Details, details—Beck’s tailored history was much more inspiring than the truth. After he wrapped, the conservatives fanned out to clean the mall, dozens followed behind Beck to watch him work, share their stories, or join him in picking up a few cigarette butts and tossing them in garbage bags. After a few blocks, Beck reached one of the useless gates, warning passersby that the mall was closed. “He’s going to flagrantly defy the law!” laughed a cameraman.
Beck cartoonishly “sneaked” around the fence in the manner of Bugs Bunny coming up behind Elmer Fudd. His reward on the other side: A garbage can where one of the “DO NOT ENTER” signs had been junked. “That’s too good,” said Beck. “We’ve got to keep that for the museum.”
The clean-up went on for hours. If you stood anywhere on the mall between the Capitol and the World War II Memorial, you’d see a conservative activist, or two or three, hunting for garbage on wet grass. It wasn’t cynical for them. The media was cynical. The Republicans who trusted the media was cynical. When Beck wrapped up at the World War II Memorial (“humbling to meet our veterans”), he zoomed up Connecticut Avenue to the Values Voter Summit. “You're on the verge of winning,” he told conservatives and C-Span cameras. “It's going to happen quickly if you don't compromise your values—if you stay the course.”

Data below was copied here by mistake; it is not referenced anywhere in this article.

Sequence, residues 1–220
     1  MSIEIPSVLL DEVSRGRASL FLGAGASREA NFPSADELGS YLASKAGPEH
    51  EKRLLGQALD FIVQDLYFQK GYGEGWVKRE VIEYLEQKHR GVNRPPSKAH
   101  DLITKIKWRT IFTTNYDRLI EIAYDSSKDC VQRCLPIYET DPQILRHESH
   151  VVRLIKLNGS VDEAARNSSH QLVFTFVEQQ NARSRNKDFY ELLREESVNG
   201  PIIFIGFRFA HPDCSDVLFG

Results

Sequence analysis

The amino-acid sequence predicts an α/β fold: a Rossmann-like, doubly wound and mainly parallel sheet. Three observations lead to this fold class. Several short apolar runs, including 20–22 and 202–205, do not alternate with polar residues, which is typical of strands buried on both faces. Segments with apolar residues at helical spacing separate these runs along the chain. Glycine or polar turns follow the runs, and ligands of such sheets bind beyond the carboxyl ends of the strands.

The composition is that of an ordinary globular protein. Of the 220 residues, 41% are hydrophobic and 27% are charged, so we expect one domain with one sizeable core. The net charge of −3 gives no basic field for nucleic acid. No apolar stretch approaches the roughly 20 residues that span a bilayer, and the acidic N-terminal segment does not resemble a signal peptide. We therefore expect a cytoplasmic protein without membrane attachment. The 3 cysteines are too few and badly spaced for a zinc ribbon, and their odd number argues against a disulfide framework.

After Beck left, I stuck around the summit for some conversation and a couple of closing breakout sessions. With the cameras off, the optimism about defunding Obamacare this year faded.
“John Boehner’s primary fear is the media,” said Terry Jeffrey, a conservative journalist who now edits the Media Research Center’s news arm. “He doesn't believe he can win with a conservative message in media.”
“The inside game has failed,” said Dean Clancy, vice president for policy at FreedomWorks. If Republicans couldn’t be trusted to fight, conservatives needed to get 34 states to launch a new constitutional convention and undo the damage of the Progressive era. “We ought to look at the other way of amending the Constitution, and that’s the Article V process. I think Mark Levin is right. I think George Mason and the founders put that in there for a reason. It’s an ‘in case of emergency, break glass’ provision.”
Jeffrey agreed with that. “We are going to have to engage in organized, peaceful disobedience,” he said. On Sunday, the conservative movement did just that. Lee returned to the mall alongside Ted Cruz, Sarah Palin, and hundreds of activists who swore to “storm” the World War II memorial and liberate it from the “Barrycades.” Activists picked up the hated gates and dumped them as close as they could get to the White House, a few blocks away.
“This belongs to you!” thundered Lee at the memorial. “This does not belong to the government—this belongs to the people!”
“Is this any way that a commander-in-chief would show his respect, his gratitude, for our military?” asked Palin.
In the conservative new media, and among House Republicans, the protest was a powerful success—a game-changer even. “The press will try to keep today’s events secret, but I doubt whether they can succeed,” wrote Powerline, the blog that became famous in 2004 for breaking and aggregating news about Dan Rather’s botched story on George W. Bush’s National Guard service. “Time will tell, but this seems like the sort of revelatory moment that will reverberate and gain force with time.” And if it doesn’t? Conservatives have a long, long list of the people they’re ready to blame.